If you’ve been using Facebook as part of your company’s marketing strategy for more than a year, you know that this particular social outlet is subject to frequent change. Whether it’s an addition or a subtraction, Zuck & Co. aren’t strangers to the idea of “new and improved”. As users of their product, we really shouldn’t be surprised anymore.
Now, I’m not telling you that you need to be happy about each Facebook change but, please put away your surprised face.
While we don’t have a right to be surprised at the fact of change, a recent change to Facebook may have been a little shocking.
Sounds a little scandalous, right? Well, it’s because Facebook has been “free” since its inception in 2003 and this new change seems like a completely different model for Facebook.
You read that right folks. All of those little thumbs you worked so hard for on Facebook have lost quite a bit of their value. Only a fraction of your fans see the statuses you post in their newsfeed organically.
So if no one comments or likes your post it may not be because they lack interest, but that they never even saw your post to begin with.
We noticed a drop in views
The proof is in the pudding, folks (mmm pudding). Mack Web has been working on building our own community for nearly a year now. We’ve been writing content on our blog and in our industry in order to encourage this community growth. Throughout this time, we’ve had some pretty decent engagement through Facebook but towards the end of December, we noticed a significant drop in our Facebook statistics. This was all due to Facebook’s infamous EdgeRank. EdgeRank was put into place to help alleviate the noise and reduce spam, but it has also caused businesses to disappear from their fans’ newsfeeds.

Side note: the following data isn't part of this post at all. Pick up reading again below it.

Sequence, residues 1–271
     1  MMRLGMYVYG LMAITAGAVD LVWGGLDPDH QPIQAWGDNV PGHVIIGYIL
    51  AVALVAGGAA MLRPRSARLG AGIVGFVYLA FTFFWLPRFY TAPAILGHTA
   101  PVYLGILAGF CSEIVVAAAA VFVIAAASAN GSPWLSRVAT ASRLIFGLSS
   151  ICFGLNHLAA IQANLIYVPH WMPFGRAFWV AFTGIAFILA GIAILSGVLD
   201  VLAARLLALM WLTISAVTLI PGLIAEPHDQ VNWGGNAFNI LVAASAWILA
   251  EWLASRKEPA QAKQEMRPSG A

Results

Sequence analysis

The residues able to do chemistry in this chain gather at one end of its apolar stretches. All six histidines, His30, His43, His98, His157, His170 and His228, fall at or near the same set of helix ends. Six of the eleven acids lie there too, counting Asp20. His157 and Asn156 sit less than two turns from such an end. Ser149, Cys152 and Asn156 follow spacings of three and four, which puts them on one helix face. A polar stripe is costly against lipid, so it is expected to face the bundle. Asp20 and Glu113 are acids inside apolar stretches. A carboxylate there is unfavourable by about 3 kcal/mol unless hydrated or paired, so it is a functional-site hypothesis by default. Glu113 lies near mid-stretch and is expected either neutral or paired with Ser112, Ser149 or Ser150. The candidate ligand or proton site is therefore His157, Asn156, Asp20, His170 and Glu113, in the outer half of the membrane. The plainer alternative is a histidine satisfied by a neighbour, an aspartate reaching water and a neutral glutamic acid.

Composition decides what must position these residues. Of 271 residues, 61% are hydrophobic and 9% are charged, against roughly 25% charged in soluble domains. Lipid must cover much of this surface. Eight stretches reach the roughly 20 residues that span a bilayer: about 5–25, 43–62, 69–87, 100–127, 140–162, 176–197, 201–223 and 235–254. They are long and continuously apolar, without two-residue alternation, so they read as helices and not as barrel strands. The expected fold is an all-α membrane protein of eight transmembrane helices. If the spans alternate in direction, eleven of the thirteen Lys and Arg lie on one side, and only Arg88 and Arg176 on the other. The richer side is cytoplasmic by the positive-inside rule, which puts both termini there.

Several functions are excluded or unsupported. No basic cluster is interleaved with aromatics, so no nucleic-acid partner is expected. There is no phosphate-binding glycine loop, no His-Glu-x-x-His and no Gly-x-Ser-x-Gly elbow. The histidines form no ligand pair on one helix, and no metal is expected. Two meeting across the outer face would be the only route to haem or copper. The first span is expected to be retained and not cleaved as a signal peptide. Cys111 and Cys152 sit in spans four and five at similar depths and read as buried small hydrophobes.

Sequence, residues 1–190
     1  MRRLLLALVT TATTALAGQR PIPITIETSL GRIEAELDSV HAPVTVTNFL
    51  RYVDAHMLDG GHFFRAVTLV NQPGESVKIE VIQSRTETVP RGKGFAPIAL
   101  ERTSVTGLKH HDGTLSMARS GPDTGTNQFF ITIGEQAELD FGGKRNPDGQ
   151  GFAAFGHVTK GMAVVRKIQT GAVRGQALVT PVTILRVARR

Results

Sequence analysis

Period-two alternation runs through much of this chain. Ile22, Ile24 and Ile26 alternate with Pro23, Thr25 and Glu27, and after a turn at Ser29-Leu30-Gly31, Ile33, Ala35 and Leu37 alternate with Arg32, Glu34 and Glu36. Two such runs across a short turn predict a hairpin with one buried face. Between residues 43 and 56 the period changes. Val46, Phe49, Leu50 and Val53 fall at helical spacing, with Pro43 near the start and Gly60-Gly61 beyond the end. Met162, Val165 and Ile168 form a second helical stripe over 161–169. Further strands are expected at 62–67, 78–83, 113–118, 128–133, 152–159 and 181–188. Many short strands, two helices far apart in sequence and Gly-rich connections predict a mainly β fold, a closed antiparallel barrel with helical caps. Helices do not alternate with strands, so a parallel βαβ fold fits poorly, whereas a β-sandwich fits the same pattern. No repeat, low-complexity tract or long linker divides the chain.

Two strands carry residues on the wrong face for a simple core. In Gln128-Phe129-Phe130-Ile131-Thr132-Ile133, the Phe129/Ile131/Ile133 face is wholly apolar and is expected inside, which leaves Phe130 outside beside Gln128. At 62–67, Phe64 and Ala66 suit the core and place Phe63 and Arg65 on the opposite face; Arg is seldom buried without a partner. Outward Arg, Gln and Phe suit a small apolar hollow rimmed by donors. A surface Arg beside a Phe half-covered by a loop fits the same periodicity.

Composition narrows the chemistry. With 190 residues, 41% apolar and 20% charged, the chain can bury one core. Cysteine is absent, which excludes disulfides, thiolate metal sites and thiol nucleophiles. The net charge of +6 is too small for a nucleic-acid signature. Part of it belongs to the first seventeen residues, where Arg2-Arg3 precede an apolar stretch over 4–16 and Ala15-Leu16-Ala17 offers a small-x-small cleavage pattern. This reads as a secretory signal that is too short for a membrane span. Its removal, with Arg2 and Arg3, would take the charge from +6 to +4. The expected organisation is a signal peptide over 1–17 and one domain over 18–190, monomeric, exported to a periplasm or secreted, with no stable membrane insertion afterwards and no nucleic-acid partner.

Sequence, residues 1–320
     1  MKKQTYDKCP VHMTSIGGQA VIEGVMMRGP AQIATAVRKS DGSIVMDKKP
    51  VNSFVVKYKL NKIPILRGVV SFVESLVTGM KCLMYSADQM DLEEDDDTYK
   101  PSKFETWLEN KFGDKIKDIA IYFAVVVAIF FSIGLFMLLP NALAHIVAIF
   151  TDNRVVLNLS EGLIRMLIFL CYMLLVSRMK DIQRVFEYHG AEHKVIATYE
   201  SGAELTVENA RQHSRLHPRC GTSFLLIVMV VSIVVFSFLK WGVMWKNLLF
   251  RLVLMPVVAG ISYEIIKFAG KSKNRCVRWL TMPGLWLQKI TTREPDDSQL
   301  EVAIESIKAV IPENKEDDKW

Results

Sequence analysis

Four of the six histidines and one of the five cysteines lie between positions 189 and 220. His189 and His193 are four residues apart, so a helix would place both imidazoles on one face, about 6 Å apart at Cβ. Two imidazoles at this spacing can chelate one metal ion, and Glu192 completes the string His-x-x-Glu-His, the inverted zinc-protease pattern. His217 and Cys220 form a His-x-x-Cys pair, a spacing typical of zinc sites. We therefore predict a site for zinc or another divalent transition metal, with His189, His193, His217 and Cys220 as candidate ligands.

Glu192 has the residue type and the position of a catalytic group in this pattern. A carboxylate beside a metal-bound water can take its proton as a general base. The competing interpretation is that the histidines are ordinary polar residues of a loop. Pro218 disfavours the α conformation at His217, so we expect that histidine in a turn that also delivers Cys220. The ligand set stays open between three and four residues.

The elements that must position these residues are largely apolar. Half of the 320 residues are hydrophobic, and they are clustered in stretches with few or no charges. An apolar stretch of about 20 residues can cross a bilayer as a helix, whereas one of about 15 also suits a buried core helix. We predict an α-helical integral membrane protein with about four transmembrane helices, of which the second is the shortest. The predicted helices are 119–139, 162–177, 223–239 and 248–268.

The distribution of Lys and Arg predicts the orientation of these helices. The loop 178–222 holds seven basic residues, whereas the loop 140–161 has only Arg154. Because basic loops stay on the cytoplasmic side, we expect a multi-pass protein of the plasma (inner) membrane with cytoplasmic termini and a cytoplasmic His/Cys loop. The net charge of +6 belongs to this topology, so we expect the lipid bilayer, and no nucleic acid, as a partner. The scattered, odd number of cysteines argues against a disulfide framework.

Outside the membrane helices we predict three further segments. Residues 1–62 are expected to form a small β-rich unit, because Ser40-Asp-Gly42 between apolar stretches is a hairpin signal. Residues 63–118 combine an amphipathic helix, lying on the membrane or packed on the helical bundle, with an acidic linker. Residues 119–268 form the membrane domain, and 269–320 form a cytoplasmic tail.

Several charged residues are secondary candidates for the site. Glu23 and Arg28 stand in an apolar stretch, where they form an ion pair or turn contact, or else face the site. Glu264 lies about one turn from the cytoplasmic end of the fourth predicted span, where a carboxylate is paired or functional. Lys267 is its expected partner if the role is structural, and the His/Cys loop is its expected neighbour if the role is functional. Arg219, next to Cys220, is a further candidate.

Like many businesses, Mack Web experienced a significant drop in visibility after EdgeRank made an appearance:
As you can see we went from reaching nearly 1,500 people organically, to just a mere 20-70 people, depending on the type of status we post. That was a drastic and, frankly, unpleasant change. We left Facebook alone for a few weeks to see if there would be any other significant effects and as you can tell from the image, it stayed about the same until we decided to bite the bullet and use the new feature to promote a post (more on that below).
How EdgeRank Works
According to a VentureBeat article on the topic Facebook announced four main criteria for how EdgeRank affects which posts you see:
Well, don’t let it all be for nothing. With change this drastic, all you can do is shift your perspective to match. It’s not about random posts or being on Facebook ‘just because.’ If you are doing that, you’re wasting your time. Now you have to invest some money and become more strategic about the content you share.
When you pay to promote a post, it needs to be something your community is going to appreciate, enjoy, share, read, engage with. You have to be really thoughtful of what is truly needed within your community.
Ins and Outs of Promoting Posts on Facebook
Now, because I have the opportunity to assist in the management of a number of communities, I’ve learned there are some ins and outs to promoting a post:
- According to Facebook, pages with at least 100 likes can promote posts and the posts that are promotable have to be made after June 2012.
- You can share photos, offers, videos, questions, events and good ol’ status updates.
- Promoted posts are labeled Sponsored.
- You pay for a post by providing credit card information.
- You don’t have much control over a promoted post’s life span (but you can extend its visibility.)